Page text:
Tax Cuts and Jobs Act Changes to Itemized Deductions
Wolters Kluwer Reviews Critical Changes to Itemized Deductions
(NEW YORK, NY, March 2019) — With the Tax Cuts and Jobs Act increases in the standard deduction, it is estimated that only around ten percent of taxpayers will be better off itemizing deductions this year. For those taxpayers that choose to itemize, there are also many changes to those itemized deductions effective generally for the first time on 2018 tax returns.
The following are some of the more significant changes to itemized deductions effective for 2018 tax returns:
- Mortgage Debt Limit
The mortgage debt limit for deductible interest is reduced from $1 million to $750,000 for new mortgage debt after December 17, 2017. Preexisting mortgage debt is grandfathered at the $1 million level. Home equity line of credit debt is reduced from $100,000 to $0 effective on January 1, 2018, with no protection for preexisting line of credit debt. Line of credit debt used to buy, build or improve a home can still count under the mortgage debt limit.
- State and Local Tax Deduction
The state and local tax deduction, including state and local income, sales and property taxes, has gone from an unlimited deduction to a maximum deduction of $10,000. Several states have adopted or proposed alternatives to circumvent the limit, such as a charitable contribution that qualifies for a state income tax credit. The IRS has indicated that it will challenge charitable contributions to the extent that they provide a state income tax credit, using language that appears to be broad enough to apply to many long-standing state income tax credits for charitable contributions.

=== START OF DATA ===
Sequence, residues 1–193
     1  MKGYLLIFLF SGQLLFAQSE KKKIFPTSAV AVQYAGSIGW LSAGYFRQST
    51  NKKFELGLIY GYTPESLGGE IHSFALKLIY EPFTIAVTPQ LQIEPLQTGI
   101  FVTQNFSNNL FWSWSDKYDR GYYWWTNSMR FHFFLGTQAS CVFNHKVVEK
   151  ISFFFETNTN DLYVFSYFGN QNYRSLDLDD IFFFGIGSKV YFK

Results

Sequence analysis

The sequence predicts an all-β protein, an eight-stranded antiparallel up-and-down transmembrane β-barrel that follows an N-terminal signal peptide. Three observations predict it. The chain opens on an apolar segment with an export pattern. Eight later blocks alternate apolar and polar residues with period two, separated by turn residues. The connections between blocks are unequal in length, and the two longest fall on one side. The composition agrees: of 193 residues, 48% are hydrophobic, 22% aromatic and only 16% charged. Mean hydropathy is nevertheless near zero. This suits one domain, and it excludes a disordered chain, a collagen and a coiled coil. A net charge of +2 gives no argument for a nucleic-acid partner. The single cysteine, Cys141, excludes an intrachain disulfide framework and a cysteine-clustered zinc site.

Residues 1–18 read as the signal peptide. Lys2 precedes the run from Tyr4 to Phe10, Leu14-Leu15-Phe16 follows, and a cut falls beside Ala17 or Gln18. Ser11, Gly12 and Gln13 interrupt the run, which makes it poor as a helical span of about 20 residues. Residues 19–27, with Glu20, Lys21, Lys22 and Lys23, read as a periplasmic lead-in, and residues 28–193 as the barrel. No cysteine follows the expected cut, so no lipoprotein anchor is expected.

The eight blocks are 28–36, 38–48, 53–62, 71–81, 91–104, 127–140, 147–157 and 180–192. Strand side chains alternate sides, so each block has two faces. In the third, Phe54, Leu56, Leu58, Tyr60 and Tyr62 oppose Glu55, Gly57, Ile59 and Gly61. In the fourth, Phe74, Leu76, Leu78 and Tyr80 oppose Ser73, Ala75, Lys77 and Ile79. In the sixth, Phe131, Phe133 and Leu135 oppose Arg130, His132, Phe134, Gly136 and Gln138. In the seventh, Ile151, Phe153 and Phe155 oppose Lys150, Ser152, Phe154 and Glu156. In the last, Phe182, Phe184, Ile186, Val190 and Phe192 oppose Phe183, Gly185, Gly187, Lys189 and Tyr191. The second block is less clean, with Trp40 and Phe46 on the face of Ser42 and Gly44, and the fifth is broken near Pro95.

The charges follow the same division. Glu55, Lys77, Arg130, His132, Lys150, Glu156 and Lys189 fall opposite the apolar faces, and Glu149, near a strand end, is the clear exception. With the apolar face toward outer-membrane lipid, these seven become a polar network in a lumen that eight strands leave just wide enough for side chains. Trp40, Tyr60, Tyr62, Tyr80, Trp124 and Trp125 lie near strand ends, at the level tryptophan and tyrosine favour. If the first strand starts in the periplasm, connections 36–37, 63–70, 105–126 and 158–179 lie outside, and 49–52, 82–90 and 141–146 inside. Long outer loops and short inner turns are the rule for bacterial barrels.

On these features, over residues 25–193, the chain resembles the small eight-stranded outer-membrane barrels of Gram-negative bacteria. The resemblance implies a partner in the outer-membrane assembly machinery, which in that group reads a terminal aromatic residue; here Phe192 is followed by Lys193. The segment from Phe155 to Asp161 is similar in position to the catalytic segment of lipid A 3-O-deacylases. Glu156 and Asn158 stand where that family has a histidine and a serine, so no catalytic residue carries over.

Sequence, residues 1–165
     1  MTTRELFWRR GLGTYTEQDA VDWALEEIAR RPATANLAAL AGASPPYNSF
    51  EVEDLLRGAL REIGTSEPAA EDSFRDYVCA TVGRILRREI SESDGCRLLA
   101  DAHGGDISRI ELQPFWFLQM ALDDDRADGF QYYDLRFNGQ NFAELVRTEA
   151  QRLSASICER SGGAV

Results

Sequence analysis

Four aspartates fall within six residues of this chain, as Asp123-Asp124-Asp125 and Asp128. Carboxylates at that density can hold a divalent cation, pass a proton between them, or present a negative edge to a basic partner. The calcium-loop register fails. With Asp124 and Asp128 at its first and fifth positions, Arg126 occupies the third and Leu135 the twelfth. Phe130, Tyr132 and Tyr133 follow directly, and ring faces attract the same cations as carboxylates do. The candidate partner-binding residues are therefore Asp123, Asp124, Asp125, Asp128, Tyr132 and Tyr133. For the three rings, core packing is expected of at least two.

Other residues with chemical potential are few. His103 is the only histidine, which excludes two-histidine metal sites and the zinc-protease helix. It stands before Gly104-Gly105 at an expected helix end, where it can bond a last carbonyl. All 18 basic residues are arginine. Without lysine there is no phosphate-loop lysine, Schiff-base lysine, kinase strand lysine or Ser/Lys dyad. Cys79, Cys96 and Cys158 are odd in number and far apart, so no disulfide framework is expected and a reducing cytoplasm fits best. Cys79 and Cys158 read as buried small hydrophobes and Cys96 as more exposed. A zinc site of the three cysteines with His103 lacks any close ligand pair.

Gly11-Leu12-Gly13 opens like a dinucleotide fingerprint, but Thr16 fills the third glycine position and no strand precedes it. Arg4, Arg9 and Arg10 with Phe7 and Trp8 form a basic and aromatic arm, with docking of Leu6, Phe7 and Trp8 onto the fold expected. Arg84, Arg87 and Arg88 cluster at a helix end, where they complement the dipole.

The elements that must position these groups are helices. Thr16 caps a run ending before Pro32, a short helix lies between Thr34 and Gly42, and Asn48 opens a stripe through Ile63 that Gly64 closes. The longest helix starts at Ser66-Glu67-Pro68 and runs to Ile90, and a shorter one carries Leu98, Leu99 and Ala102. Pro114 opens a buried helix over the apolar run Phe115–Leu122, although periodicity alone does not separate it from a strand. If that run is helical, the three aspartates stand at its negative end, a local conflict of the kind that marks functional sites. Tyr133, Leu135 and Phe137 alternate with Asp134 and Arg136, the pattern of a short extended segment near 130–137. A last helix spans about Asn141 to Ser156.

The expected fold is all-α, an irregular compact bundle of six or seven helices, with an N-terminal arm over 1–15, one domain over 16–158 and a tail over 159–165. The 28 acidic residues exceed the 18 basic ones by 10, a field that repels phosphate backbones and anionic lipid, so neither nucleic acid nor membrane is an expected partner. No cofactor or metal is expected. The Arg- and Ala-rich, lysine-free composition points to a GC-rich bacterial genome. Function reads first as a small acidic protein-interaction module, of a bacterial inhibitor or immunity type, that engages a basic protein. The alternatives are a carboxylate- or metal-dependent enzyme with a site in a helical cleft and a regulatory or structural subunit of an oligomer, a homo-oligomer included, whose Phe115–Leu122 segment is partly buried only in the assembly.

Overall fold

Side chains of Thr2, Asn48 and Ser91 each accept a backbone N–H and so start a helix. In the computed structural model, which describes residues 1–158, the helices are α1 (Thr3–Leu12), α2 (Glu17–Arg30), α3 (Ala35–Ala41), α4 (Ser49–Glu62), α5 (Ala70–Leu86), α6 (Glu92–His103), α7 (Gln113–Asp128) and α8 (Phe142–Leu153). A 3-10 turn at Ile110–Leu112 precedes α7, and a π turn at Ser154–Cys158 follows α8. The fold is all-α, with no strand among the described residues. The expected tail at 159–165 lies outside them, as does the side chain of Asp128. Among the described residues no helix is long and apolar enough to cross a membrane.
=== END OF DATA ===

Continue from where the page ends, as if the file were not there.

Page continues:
- Medical Expenses
The threshold for medical expense deductions was lowered to 7.5 percent of adjusted gross income for 2017 and 2018, for both regular tax and the alternative minimum tax. It reverts to a 10 percent threshold for 2019.
- Charitable Contributions
The threshold for the maximum charitable contribution deduction was increased from 50 percent of adjusted gross income (AGI) to 60 percent of AGI beginning on 2018 tax returns.
- Casualty Loss Deduction
The casualty loss deduction was eliminated starting in 2018 for all except federally declared disasters.
- Miscellaneous Itemized Deductions
Miscellaneous itemized deductions subject to the 2 percent of adjusted gross income floor were eliminated starting in 2018. This includes deductions for tax preparation fees, unreimbursed employee business expenses, investment expenses, and hobby expenses.